From hiring private bodyguards to buying jets, US-based billionaire businessmen like Elon Musk, Mark Zuckerberg and Jeff Bezos spend a fortune every year on personal security measures. Rarely they enjoy state protection.
But in India -- where there are barely 200 cops for every 1 lakh citizens and VIP security is often considered a status symbol -- some industrialists and celebrities do enjoy government protection. Of course, most of them foot the bill themselves.
One such industrialist is India's billionaire businessman Mukesh Ambani. And being the country's richest man, he enjoys 'Z-plus' security cover, the highest level of state protection. Indian PM Narendra Modi, however, is protected by the elite Special Protection Group.
Current protectees under 'Z-plus' security include Indian Home Minister Amit Shah and the Gandhis -- Congress chief Sonia Gandhi, her politician son Rahul and daughter Priyanka. The protectees get a 55-strong security detail comprising para-military personnel.
In Mukesh's case, commandos of the Central Reserve Police Force are entrusted with the job of securing him. His wife Nita, however, enjoys 'Y' category cover, two notches below. She gets one gunman round-the-clock for mobile security, and five at residence.
And guess how much the 63-year-old chairman of oil-to-telecom conglomerate Reliance Group shells out for enjoying state security? A whopping USD 22,000 a month.
This is apart from the living, cooking and toilet facilities Mukesh provides for the security men at Antilia, the family's 27-storey house in Mumbai. He also moves around in bullet-proof cars. Luxury cars in his security convoy include a Mercedes-AMG G63 and a BMW.
Mukesh was declared a "national asset" way back in 2013 by the Indian Home Ministry and accorded state protection in the wake of death threats from terror group Indian Mujahideen.
"Security is given only after threat perception assessment," a federal minister said then.
The second richest person in Asia and the 14th richest in the world, Mukesh's current net worth is around USD 78 billion. His Reliance Group is now India's most valuable company by market capitalisation.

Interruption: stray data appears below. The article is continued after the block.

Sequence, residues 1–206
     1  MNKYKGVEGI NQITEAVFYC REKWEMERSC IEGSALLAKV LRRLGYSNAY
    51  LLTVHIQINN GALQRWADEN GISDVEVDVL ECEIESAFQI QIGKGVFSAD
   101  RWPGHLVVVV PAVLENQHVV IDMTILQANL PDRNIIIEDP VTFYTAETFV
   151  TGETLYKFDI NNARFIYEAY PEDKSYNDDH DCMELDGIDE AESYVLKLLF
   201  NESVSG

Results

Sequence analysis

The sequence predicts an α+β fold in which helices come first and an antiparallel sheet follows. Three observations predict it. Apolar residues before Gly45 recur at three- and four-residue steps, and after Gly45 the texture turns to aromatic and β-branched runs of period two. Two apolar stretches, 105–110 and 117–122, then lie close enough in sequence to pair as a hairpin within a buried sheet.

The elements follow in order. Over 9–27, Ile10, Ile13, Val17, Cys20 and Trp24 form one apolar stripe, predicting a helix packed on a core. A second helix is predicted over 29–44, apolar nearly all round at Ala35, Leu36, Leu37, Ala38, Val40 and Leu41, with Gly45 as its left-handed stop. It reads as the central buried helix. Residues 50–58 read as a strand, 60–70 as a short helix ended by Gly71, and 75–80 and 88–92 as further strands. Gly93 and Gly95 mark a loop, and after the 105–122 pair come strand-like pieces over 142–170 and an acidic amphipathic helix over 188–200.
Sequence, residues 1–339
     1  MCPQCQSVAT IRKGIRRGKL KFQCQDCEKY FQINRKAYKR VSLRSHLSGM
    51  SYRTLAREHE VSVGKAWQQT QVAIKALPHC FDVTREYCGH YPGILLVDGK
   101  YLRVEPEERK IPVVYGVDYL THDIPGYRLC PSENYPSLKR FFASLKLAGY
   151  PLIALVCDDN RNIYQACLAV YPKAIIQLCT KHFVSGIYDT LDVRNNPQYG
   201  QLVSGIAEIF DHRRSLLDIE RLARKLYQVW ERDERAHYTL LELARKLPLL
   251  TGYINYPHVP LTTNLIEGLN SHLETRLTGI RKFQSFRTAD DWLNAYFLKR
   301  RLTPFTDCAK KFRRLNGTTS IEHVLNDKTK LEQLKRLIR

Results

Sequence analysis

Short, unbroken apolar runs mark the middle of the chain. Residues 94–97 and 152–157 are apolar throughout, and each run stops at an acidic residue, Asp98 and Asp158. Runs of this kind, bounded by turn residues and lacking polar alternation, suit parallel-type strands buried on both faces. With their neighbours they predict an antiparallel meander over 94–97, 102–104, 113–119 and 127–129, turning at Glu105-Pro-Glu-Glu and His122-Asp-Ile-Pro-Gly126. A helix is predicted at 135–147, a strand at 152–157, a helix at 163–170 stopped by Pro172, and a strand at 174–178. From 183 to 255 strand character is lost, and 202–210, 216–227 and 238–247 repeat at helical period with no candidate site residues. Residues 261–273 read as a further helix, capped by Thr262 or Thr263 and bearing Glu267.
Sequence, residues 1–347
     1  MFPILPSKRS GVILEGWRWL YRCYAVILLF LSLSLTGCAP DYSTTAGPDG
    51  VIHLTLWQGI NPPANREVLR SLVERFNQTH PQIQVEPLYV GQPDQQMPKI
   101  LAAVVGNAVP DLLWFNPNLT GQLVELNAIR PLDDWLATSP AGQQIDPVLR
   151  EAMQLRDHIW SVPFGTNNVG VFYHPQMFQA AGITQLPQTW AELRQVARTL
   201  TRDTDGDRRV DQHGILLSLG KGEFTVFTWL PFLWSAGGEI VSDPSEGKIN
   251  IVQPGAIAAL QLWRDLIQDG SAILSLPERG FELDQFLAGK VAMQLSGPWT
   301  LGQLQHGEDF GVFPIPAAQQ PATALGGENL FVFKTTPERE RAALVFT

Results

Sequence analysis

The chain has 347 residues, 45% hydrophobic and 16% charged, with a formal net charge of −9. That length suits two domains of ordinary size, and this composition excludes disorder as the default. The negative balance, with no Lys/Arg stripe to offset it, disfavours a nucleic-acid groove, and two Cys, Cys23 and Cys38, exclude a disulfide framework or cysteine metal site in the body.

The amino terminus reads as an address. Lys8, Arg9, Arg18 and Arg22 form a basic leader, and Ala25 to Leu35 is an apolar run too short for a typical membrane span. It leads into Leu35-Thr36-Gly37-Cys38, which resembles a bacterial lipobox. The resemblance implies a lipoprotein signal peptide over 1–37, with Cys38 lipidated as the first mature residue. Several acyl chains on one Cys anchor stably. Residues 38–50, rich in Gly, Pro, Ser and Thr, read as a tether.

Born to Dhirubhai and Kokilaben in the British Crown colony of Aden (present-day Yemen), Mukesh enrolled for an MBA at Stanford University in 1980 after receiving a degree in Chemical Engineering from India but he later dropped out to help his father build Reliance.
UNB had also reported about Mukesh's rumoured plans to hand over three core business areas of Reliance Industries to his three children -- Akash, Isha and Anant -- and also about his aggressive fundraising spree to make his conglomerate debt-free amid the pandemic.
The fundraising spree was aimed at reducing Reliance's dependence on the flagship oil sector to diversify into telecom and e-commerce. Last year, Reliance raised USD 15.2 billion by selling stakes in its telecom unit Jio and another USD 7 billion through rights issue.
UNB had also reported that 86-year-old Kokilaben -- who brokered the Reliance conglomerate's demerger between Mukesh and his younger brother Anil in 2005, three years after her husband's death -- was trying to help her two sons get along.
The bitter rivalry between Mukesh and Anil began ever since their father died of a stroke in 2002. Dhirubhai, who began his career as a gas station attendant in Yemen and built his empire by selling shares to small investors, had died without making a succession plan.
In 2003-04, Mukesh apparently tried to oust Anil from the business empire. However, their mother soon stepped in and ensured a split in 2005. Mukesh retained the core energy business, while Anil got the telecom, financial services and power arms.